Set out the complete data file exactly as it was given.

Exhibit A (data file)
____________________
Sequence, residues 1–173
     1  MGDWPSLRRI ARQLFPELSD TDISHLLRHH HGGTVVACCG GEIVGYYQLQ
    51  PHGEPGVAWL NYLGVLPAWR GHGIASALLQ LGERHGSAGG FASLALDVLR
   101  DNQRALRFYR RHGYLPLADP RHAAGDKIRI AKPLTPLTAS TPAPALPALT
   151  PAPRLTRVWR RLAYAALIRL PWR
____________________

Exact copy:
Sequence, residues 1–173
     1  MGDWPSLRRI ARQLFPELSD TDISHLLRHH HGGTVVACCG GEIVGYYQLQ
    51  PHGEPGVAWL NYLGVLPAWR GHGIASALLQ LGERHGSAGG FASLALDVLR
   101  DNQRALRFYR RHGYLPLADP RHAAGDKIRI AKPLTPLTAS TPAPALPALT
   151  PAPRLTRVWR RLAYAALIRL PWR